Radiation therapy can lead to a wide variety of complications throughout your body. You probably already know that it can make your hair fall out or make you feel nauseous, but this treatment can also cause a lot of complications inside your mouth. Radiation therapy can lead to oral candidiasis, also known as thrush, a type of fungal infection caused by the candida fungi. Here are five things you need to know about oral candidiasis.
How does radiation cause oral candidiasis?
Radiation kills cancer cells, but it also has an effect on your healthy cells. If you need radiation therapy for a cancer of the head or neck, your salivary glands may be affected. This can lead to xerostomia, also known as dry mouth.
Xerostomia is a problem because saliva does much more than just moisten your mouth. One of saliva's important roles is keeping fungi and other organisms within your mouth under control. Without enough saliva, the fungi that are always present in your mouth in small amounts get the opportunity to multiply out of control. The result of this is oral candidiasis.
What are the signs of oral candidiasis?
If you have oral candidiasis, you will notice white lesions on your oral tissues. These lesions are slightly raised and look like cottage cheese. These lesions usually affect the tongue or the insides of the cheeks, but your other oral tissues, like your gums or the roof of your mouth, may also be affected.
If you rub these lesions with your finger or your toothbrush, you will notice that they bleed. The inside of your mouth may also be red or sore, and the discomfort may be severe enough to interfere with eating or swallowing. If you notice any of these symptoms while you're undergoing radiation therapy, see your dentist immediately.
Is it serious?
In rare cases, oral candidiasis can lead to more serious symptoms. If the fungus spreads from your mouth to your trachea or esophagus, you may have trouble swallowing and may experience respiratory distress. To avoid this, make sure to deal with the infection as early as possible.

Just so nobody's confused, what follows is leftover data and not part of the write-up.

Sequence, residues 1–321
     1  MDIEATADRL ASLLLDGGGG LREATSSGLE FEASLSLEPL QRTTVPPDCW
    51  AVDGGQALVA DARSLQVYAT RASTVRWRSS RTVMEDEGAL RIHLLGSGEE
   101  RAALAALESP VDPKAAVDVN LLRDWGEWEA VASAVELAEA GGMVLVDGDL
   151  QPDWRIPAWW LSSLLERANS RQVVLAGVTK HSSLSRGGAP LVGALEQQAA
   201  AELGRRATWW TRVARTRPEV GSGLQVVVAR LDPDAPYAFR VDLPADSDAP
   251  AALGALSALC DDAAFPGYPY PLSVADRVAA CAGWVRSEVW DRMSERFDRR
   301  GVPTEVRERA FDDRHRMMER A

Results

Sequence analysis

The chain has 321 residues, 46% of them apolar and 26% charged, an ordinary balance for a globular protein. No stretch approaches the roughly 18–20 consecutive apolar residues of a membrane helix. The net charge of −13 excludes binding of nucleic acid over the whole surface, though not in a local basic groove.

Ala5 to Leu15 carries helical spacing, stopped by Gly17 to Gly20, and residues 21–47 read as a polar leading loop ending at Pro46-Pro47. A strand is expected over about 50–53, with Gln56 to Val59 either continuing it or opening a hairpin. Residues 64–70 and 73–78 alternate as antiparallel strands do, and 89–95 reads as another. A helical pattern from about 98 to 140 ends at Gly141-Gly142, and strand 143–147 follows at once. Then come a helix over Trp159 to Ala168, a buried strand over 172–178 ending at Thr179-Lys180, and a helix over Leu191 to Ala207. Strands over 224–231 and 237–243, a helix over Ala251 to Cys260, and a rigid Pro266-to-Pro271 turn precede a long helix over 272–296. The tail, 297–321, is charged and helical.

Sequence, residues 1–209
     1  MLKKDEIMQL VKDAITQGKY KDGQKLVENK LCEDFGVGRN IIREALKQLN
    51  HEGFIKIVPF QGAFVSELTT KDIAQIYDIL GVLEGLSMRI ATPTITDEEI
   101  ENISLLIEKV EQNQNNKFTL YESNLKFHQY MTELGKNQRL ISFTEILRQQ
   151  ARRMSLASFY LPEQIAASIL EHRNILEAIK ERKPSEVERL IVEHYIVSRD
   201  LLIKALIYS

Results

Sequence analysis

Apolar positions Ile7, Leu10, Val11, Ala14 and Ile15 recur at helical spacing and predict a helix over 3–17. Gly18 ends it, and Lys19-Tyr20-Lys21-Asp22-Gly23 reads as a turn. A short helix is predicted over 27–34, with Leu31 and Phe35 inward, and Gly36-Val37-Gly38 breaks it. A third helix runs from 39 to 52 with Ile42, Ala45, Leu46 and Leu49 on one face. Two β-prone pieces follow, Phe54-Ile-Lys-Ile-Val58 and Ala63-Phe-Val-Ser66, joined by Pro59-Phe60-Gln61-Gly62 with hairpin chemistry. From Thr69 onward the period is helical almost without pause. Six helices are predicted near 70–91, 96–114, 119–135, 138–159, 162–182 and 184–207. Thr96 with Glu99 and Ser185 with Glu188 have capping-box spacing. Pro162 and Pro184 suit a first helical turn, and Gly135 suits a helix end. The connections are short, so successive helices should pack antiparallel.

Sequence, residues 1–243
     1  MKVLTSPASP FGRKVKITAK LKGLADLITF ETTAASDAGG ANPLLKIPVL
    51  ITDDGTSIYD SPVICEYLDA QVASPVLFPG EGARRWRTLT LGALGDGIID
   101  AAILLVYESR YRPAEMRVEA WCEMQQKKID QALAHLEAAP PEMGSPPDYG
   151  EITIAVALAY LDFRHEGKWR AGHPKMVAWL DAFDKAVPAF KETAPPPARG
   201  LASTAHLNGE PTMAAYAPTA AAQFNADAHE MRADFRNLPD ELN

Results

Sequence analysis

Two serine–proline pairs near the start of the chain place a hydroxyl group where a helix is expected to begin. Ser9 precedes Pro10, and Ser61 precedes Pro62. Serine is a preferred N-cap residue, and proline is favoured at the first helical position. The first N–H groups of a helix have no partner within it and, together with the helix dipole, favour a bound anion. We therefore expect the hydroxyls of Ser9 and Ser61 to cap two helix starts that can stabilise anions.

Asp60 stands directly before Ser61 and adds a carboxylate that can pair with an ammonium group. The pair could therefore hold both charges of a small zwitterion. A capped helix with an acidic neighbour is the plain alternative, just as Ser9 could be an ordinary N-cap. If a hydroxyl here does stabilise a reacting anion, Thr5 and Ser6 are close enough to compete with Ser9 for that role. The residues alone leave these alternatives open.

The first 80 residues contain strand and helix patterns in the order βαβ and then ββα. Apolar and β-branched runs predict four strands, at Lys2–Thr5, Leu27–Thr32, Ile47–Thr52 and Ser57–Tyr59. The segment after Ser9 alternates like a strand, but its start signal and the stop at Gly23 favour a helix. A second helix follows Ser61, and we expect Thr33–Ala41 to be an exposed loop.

How is oral candidiasis treated?
If you develop oral candidiasis during your cancer treatment, your dentist can treat the infection with prescription antifungal medication. You may be prescribed an antifungal cream or an antifungal mouth rinse. If the infection has spread past your oral cavity, you may require systemic antifungal medications. It's important to follow your dentist's directions regarding dosage and treatment time; if you stop the medication too early, your infection may come back and may be resistant to the medication used to treat it.
Can this infection be prevented?
If you are undergoing radiation therapy, your dentist can help you prevent oral candidiasis. Your dentist may prescribe antifungal medications for you to take as a precaution during your treatment. To avoid making your mouth drier, this medication may be given in the form of an oral rinse.
Keeping your mouth moist is also an important way to prevent oral candidiasis. Your dentist may tell you to sip water throughout the day to keep your mouth moist or suck on sugar-free candies to help stimulate your salivary flow.
You may also be told to use commercially available xerostomia remedies such as artificial saliva or dry mouth toothpastes. If these remedies are not enough to keep your mouth moist, your dentist may need to prescribe a medication to stimulates your salivary glands, such as pilocarpine. This medication stimulates your salivary glands and makes them produce large amounts of saliva.
If you are undergoing radiation therapy, stay alert for the signs of oral candidiasis. If you think you have the infection, see your dentist right away. For more information, you may want to contact an experienced dentist like Joe Rosenberg, DDS.
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